Why ministers are deserting the federal government on the eve of a poll

Picture: AAP Image/David Mariuz
Picture: AAP Image/David Mariuz

If anyone had any doubt that many in the government believe they will lose the forthcoming election, that doubt is now vanquished with the shock announcement that high-profile minister Christopher Pyne will not recontest his seat of Sturt at the May election.

Pyne joins four other ministers who have decided to retire at this election, including Kelly O’Dwyer and Michael Keenan and the former foreign affairs minister Julie Bishop, who lost a leadership ballot to Scott Morrison, is also leaving politics.

There are just three days of parliament left before the federal election is called, most likely for May 18.

On April 2, Treasurer Josh Frydenberg will deliver the last budget of the Turnbull/Morrison government. Allowing for convention, Bill Shorten will give the budget reply speech on April 4. The Prime Minister will then call the election.

While it is not unusual for long-serving members and Senators to retire, it is most unusual for a long list of senior ministers to announce their retirements on the eve of a poll. Some, like O’Dwyer and Keenan, are retiring for legitimate family reasons, while most of the others are leaving because, it would seem, they don’t want to serve in opposition. In effect, they believe the Coalition parties will lose. Pyne’s seat, with a margin of just over five per cent, must be considered a possible Labor win, given the Liberals lose Pyne’s substantial personal recognition vote.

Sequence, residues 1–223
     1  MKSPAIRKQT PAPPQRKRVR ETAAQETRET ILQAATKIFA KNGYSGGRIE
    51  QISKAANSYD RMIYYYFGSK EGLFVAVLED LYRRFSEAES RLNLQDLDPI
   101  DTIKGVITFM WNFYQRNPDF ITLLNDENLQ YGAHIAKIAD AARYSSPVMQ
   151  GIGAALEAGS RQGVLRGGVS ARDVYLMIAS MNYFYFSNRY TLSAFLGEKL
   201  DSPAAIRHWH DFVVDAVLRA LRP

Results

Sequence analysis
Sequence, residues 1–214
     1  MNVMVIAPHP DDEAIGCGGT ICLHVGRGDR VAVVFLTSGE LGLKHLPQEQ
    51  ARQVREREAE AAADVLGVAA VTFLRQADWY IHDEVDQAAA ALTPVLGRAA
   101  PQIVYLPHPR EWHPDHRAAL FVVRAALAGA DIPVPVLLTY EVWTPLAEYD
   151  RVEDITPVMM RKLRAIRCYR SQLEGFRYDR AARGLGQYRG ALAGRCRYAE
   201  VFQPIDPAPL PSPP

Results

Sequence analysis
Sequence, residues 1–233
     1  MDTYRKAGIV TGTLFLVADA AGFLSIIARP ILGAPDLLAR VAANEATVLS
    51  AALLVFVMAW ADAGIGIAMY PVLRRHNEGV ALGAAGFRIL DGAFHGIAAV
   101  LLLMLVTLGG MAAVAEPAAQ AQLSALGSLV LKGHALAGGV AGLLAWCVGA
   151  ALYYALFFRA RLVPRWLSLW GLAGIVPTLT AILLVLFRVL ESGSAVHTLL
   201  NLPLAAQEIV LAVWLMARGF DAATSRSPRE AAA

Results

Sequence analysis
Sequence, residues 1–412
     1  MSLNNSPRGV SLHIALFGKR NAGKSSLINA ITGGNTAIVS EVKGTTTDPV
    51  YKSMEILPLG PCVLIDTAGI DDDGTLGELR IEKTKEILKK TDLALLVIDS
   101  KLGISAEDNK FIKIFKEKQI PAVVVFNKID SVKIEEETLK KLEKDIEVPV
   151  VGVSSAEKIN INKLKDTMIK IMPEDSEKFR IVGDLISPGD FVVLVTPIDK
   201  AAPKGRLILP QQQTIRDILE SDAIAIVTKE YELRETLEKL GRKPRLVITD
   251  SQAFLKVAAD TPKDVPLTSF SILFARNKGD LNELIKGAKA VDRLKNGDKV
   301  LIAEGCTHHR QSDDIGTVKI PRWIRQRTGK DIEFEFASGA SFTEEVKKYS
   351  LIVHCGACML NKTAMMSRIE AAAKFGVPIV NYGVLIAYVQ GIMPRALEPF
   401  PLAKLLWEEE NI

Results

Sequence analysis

While Morrison is putting on a brave face, the retirements provide a negative signal to the electorate and further ammunition for Labor in the run up to May.

Few would have missed the timing, and irony, when, after Bishop’s valedictory speech, she left the Chamber without waiting to hear her leader’s response.

All eyes now turn to NSW, where the somewhat embattled Berejiklian-led Coalition government faces the electorate on March 23. Polls suggest the NSW election will be very close, and the result could come down to a few crucial rural and regional seats presently held by the Nationals.

A poor result in NSW will place further pressure on Morrison, who has been keen to remain largely absent from campaigning for fear the internal strife in the federal party influences the NSW outcome.

April's federal budget will be the most political since Peter Costello’s last budget in 2007, for rarely has one been so close to an election. Expect it to be a campaign speech, for the government, behind in the polls, must engineer an economic result which can justify its election war chest of promises.

Ian Tulloch is an honorary associate (politics) at La Trobe University, Bendigo